Emotions are relational: positioning and the use of affective linguistic resources

This is the dissertation I did at Stanford. 

Download it: https://stacks.stanford.edu/file/druid:fm335ct1355/Dissertation_Schnoebelen_final_8-29-12-augmented.pdf

See the library record: https://searchworks.stanford.edu/view/9697554


To understand human beings is to understand the variety and complexity of emotional experiences they have. Understanding how language is both shaped by and used in creating and coping with these experiences is the focus of this dissertation. It offers three case studies about affective linguistic resources, advancing a theoretical framework (positioning) and a series of quantitative methodologies that grow out of information-theoretic approaches to language.

The first case study shows how many different linguistic resources have prominent affective aspects by examining a single emotional relationship conversation between two friends, showing how we might confidently make claims that one section of conversation is more emotionally intense than another and how we might get experimental data about connected discourse rather than being stuck in analyses of disconnected individual sentences.

The second case study focuses on the word little, which allows speakers to position themselves closer to their audiences and others through affectionate uses, allows them to hedge positions they aren’t prepared to give full illocutionary force to, and which can also be used to demean and be- little. I show the factors important to determining little’s meaning through three experiments and analysis of seven conversational corpora. I look at the socio-pragmatics of its use, focusing especially on power and gender.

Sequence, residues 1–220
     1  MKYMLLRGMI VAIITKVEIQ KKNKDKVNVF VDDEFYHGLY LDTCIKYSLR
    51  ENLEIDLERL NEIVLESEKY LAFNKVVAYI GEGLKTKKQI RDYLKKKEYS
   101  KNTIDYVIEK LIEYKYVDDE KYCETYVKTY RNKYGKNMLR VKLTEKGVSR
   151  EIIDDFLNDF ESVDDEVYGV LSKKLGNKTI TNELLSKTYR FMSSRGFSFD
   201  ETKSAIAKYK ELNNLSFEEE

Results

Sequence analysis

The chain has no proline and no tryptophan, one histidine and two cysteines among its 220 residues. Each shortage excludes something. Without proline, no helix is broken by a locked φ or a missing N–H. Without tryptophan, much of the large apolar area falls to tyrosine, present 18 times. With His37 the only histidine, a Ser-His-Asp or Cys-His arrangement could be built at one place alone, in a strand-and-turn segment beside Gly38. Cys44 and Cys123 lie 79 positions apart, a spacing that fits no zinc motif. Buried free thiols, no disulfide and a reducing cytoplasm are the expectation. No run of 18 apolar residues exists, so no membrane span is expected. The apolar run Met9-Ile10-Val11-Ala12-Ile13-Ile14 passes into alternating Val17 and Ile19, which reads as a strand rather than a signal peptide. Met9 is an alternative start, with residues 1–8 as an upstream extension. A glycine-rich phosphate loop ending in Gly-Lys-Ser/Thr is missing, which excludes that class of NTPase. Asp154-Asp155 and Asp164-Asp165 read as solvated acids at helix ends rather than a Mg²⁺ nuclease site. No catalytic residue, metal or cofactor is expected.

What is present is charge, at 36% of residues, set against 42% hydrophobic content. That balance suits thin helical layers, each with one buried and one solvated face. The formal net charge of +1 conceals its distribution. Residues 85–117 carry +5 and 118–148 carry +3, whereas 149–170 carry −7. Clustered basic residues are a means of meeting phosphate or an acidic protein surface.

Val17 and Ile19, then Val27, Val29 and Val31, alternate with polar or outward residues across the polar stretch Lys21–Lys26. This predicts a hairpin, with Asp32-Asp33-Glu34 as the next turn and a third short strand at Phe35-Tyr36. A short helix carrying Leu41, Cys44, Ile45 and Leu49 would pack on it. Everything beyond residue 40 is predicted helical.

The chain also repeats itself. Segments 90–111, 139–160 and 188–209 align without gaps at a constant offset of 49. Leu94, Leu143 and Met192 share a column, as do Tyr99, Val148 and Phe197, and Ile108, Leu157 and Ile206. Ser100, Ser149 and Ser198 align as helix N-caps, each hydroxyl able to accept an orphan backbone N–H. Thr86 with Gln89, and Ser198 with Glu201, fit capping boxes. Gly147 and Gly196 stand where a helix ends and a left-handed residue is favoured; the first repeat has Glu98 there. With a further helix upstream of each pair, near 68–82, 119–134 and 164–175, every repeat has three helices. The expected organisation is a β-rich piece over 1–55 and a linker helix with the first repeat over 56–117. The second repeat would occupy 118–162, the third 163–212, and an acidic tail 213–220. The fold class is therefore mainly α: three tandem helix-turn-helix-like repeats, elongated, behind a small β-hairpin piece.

In the third case study I show that emoticons occur in about 10% of posts on Twitter that are sent by people that are actually involved in real interactions (that is, they are sending messages and receiving messages back from at least four but no more than 100 other users). In addition to describing who uses which emoticons and how, I use the emoticons to describe the major dimensions of affective meaning in Twitter using hierarchical cluster analysis, factor analysis, and topic modeling. These dimensions—positivity/negativity, immediacy, teasing, and flirting— are all positional in nature.

People use language to position themselves, their audiences, and their topics relative to one another. Expressions of emotions are more than internal states made visible, they are actions that have particular interpersonal causes and consequences, which are understood linguistically (“I’m mad/happy/scared”) and which collective add up. This has important ramifications for any given interaction and at a more general level, these linguistic actions reveal and perturb the affective aspects of the cultural and cognitive systems they are part of.